Treating diastolic heart failure (which cardiologists now refer to as “heart failure with preserved ejection fraction,”) can be a challenge. In contrast to classic systolic heart failure, in which many studies have revealed specific drug treatment regimens that significantly improve mortality, no such studies are available for diastolic heart failure.

Furthermore, because the ventricles in diastolic heart failure are small and stiff (rather than dilated and flaccid), many of the drugs commonly used in classic heart failure have the potential of actually worsening diastolic heart failure.

Drug therapy for diastolic heart failure is often limited to using diuretics such as furosemide (Lasix) to reduce excess sodium and water from the body and to reduce the symptoms of pulmonary congestion and edema. Drugs for controlling hypertension are also important.

According to the results of the TOPCAT trial conducted in 2014, the diuretic drug Aldactone (spironolactone) reduced the risk for hospitalization in people with diastolic heart failure but did nothing to reduce the rate of mortality.

But the most important therapy for diastolic heart failure is to aggressively control the same factors, listed above, that are important in treating diastolic dysfunction.

Of these, exercise training (not being sedentary any longer) is the only method that has been shown in clinical studies to significantly improve the quality of life in people with diastolic heart failure. 

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People who have had an episode of diastolic heart failure have a serious, life-threatening cardiac condition. While their overall prognosis may be somewhat better than for patients with classic systolic heart failure, it is still substantially reduced.

This is why anyone who has had diastolic heart failure needs to be treated aggressively, by attempting to manage all of the underlying conditions associated with this diagnosis. 

Even people with diastolic dysfunction who do not have symptoms of heart failure have an increased risk of mortality, due in part to the undertreatment of hypertension and coronary artery disease.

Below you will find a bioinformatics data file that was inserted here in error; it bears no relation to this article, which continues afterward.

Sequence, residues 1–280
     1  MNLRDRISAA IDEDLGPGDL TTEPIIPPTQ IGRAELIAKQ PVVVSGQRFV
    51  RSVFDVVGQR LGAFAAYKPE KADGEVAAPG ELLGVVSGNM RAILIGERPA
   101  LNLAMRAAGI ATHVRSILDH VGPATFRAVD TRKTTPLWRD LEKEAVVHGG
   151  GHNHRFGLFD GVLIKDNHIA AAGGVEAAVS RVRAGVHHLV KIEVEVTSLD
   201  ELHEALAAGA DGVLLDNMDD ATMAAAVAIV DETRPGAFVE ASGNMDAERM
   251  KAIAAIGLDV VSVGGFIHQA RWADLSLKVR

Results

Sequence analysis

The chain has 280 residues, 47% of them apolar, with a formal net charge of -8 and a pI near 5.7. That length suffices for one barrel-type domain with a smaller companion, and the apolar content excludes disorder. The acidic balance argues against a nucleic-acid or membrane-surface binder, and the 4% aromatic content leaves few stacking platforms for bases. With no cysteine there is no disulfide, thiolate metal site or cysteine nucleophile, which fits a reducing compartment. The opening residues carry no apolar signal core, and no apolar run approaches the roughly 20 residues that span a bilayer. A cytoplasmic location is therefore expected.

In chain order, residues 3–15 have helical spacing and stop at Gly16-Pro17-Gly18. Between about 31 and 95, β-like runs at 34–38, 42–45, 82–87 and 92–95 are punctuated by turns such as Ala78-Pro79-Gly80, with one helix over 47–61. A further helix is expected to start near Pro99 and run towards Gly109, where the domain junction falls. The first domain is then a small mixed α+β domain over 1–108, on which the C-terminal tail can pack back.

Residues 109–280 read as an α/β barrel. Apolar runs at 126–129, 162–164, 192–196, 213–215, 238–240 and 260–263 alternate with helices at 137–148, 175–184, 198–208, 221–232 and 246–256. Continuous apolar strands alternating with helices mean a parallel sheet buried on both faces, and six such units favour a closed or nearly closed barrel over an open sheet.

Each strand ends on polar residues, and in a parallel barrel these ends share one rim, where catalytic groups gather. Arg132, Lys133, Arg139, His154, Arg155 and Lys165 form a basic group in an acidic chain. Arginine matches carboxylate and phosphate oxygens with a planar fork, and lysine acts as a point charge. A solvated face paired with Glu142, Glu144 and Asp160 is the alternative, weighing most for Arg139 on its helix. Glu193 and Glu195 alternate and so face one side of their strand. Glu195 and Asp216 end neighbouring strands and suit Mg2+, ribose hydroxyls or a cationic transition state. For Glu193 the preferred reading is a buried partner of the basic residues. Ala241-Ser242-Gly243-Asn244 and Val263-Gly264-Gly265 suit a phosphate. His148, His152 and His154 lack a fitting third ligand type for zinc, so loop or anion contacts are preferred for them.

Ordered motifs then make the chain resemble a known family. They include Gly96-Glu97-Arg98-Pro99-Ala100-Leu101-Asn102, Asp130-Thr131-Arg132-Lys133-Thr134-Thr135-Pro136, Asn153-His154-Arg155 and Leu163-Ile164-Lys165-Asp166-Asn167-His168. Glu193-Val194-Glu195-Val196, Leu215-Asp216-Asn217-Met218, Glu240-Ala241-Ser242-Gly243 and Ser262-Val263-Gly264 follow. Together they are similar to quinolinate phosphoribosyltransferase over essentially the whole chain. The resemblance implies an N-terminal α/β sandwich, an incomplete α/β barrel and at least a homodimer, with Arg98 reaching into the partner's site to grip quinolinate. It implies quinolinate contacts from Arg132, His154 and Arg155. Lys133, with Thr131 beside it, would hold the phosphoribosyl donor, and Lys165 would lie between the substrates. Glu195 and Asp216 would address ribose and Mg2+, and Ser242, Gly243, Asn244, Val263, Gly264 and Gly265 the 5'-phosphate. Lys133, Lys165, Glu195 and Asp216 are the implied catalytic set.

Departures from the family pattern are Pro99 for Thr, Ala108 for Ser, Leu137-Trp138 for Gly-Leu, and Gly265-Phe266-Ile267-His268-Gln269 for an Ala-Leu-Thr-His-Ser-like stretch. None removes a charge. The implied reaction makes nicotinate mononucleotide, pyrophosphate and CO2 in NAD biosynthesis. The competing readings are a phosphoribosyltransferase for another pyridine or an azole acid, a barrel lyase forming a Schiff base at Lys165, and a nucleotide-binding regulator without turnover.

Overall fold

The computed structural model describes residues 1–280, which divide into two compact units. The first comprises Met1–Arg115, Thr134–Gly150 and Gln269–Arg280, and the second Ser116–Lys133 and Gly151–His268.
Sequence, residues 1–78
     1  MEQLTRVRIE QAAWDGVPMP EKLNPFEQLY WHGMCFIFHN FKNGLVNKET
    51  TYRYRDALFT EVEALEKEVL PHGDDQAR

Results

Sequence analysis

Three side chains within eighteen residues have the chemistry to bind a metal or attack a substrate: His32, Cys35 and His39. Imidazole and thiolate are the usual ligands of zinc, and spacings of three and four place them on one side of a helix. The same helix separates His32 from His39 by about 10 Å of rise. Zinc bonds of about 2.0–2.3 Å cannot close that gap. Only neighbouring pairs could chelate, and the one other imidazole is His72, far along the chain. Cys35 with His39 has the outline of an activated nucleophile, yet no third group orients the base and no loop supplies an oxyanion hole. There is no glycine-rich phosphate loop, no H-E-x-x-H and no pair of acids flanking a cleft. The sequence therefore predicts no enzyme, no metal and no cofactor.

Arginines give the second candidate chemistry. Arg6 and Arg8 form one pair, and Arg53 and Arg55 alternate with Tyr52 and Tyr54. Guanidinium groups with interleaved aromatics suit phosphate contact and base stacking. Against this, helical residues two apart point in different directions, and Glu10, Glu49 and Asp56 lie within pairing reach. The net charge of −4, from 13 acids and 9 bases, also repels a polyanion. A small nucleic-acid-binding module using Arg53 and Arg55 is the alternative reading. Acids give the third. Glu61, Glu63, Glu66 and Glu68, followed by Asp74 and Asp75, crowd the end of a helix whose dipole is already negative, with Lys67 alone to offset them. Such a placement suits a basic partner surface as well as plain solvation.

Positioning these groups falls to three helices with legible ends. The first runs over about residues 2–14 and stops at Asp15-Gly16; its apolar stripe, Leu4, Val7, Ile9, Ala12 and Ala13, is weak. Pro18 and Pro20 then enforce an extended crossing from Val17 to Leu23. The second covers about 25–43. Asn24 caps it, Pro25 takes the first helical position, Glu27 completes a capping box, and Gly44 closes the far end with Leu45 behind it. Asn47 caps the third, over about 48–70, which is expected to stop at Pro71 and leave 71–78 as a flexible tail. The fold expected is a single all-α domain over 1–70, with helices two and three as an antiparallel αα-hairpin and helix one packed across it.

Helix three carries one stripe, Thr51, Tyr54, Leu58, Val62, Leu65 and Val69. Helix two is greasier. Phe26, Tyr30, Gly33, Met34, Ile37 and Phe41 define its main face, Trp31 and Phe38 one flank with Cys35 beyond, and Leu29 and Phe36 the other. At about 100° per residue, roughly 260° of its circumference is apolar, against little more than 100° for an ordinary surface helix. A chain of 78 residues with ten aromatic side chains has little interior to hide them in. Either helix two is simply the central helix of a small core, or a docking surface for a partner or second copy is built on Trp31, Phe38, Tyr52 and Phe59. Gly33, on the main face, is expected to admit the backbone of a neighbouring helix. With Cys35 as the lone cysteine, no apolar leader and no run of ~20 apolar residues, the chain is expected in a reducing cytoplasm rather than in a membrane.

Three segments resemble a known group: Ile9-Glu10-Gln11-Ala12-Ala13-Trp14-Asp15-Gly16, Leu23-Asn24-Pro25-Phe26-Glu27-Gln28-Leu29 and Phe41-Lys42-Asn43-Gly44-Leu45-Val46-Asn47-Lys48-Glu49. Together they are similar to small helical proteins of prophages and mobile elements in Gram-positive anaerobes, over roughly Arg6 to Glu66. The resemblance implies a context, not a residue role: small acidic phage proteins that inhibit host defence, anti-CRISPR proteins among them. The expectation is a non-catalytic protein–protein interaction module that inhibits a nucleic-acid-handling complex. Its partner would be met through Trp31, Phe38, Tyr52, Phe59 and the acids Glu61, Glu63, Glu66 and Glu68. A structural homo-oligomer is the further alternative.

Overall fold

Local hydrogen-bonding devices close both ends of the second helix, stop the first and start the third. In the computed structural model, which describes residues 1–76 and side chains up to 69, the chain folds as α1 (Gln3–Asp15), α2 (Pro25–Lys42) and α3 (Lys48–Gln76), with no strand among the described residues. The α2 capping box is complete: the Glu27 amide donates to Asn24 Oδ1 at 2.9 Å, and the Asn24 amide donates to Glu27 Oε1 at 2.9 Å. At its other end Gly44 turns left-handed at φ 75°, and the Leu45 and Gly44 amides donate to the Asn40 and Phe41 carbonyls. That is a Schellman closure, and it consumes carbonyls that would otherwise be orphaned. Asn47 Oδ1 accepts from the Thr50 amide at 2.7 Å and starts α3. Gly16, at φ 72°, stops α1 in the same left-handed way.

Diastolic dysfunction is an important condition that, at the very least, should prompt a careful search for underlying causes, and then aggressive treatment. The adequate treatment of diastolic dysfunction can greatly improve the likelihood of a good outcome.

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Article Sources
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  1. The American Heart Association. What is Atrial Fibrillation (AFib or AF)? Last reviewed July 31, 2016.

  2. Baguet JP, Barone-rochette G, Lévy P, et al. Left ventricular diastolic dysfunction is linked to severity of obstructive sleep apnoea. Eur Respir J. 2010;36(6):1323-9. doi: 10.1183/09031936.00165709

  3. Gutierrez C, Blanchard DG. Diastolic Heart Failure: Challenges of Diagnosis and TreatmentAmerican Family Physician. 2004;69(11):2609-2617.

  4. Pitt B, Pfeffer MA, Assmann SF, et al. Spironolactone for heart failure with preserved ejection fraction. N Engl J Med. 2014;370(15):1383-92. doi:10.1056/NEJMoa1313731

Additional Reading
  • Pitt B, Pfeffer MA, Assmann SF, et al. Spironolactone for Heart Failure with Preserved Ejection Fraction. N Engl J Med. 2014; 370:1383.doi: 10.1056/NEJMoa1313731

  • Borlaug BA, Paulus WJ. Heart Failure with Preserved Ejection Fraction: Pathophysiology, Diagnosis, and Treatment. Eur Heart J 2011; 32:670.
  • Yancy CW, Jessup M, Bozkurt B, et al. 2013 ACCF/AHA Guideline for the Management of Heart Failure: a Report of the American College of Cardiology Foundation/American Heart Association Task Force on Practice Guidelines. J Am Coll Cardiol 2013; 62:e147.